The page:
You’ve no doubt seen these before in a documentary: an interviewee sitting just inches in front of a bookcase, with the individual book titles visible and distracting; a house plant invading the frame; an incandescent desk lamp in the background whispering for attention while the interviewee’s eye-line is awkwardly off to the side. Or perhaps you’ve seen this one: the interviewee engulfed by a high-back sofa, an exposed lav mic stealing our attention, while the hum of a house appliance and the jingle of a busy necklace cause us to squint trying to decipher the subject’s words. These are the clichés and blunders of recording documentary interviews.
As someone who has watched even more interviews than I’ve shot, I’ve developed a discerning eye for the exemplary—and for the cringe-worthy. What I aim to provide here beyond dos and don’ts is a primer for rendering clean, cinematic interviews that allow the viewer to focus on what matters: emotion and storytelling.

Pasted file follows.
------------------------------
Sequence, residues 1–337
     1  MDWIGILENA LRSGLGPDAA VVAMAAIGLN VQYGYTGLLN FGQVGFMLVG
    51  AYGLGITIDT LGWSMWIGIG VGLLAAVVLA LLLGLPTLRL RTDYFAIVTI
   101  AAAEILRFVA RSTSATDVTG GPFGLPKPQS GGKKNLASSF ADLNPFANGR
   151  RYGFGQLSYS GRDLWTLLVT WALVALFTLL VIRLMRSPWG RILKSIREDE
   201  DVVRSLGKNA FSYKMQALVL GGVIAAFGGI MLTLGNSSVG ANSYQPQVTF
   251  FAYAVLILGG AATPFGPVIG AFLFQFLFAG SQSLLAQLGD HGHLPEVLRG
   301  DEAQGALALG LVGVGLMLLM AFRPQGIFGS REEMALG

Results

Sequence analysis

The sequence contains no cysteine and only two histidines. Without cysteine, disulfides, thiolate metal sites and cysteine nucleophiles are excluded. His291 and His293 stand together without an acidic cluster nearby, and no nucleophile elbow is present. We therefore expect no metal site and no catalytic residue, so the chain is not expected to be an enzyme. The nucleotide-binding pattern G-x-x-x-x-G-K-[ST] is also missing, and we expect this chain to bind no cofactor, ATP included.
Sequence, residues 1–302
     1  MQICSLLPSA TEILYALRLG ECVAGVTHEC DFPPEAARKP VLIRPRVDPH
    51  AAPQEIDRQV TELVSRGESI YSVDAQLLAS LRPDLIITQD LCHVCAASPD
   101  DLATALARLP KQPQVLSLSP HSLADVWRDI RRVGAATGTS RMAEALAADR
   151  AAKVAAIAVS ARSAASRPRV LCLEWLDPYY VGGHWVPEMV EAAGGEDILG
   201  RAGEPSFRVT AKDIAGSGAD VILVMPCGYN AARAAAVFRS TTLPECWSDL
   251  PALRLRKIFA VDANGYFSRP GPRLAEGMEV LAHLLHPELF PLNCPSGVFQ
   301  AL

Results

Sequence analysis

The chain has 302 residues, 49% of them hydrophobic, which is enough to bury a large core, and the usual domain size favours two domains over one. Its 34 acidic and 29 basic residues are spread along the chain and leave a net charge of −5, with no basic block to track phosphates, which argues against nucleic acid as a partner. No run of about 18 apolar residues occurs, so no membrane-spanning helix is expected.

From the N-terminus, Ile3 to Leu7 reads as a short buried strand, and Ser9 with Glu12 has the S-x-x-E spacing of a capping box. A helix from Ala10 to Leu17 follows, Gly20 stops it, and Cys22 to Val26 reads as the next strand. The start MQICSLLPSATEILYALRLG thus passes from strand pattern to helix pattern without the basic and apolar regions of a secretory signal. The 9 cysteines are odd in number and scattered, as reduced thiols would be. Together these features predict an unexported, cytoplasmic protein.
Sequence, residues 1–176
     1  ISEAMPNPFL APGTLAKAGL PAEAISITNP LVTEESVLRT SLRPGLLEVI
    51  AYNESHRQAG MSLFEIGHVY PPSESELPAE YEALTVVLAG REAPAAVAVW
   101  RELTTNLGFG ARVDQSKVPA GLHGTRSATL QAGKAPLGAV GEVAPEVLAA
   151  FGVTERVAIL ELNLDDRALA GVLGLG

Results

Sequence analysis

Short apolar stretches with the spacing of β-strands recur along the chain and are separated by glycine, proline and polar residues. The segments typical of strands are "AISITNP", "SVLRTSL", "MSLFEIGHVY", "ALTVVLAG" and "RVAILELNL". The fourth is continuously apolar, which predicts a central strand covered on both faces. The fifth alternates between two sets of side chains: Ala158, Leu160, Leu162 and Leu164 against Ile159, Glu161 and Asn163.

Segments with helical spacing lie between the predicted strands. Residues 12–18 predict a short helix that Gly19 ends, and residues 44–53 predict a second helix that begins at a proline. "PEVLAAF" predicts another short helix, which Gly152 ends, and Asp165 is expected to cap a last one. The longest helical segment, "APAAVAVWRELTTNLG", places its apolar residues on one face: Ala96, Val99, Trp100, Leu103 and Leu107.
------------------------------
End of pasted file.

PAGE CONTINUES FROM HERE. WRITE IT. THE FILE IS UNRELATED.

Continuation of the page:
The key to shooting documentary interviews is eliminating distracting sights and sounds; these take us out of the story. Second, if you must choose between a visually pleasing interview set-up and a good-sounding one, always chose good sound. The audience will forgive a flawed shot, but will tune out if it can’t hear the dialogue.
Selecting the Interview Space (MORE…)
Rule of Thirds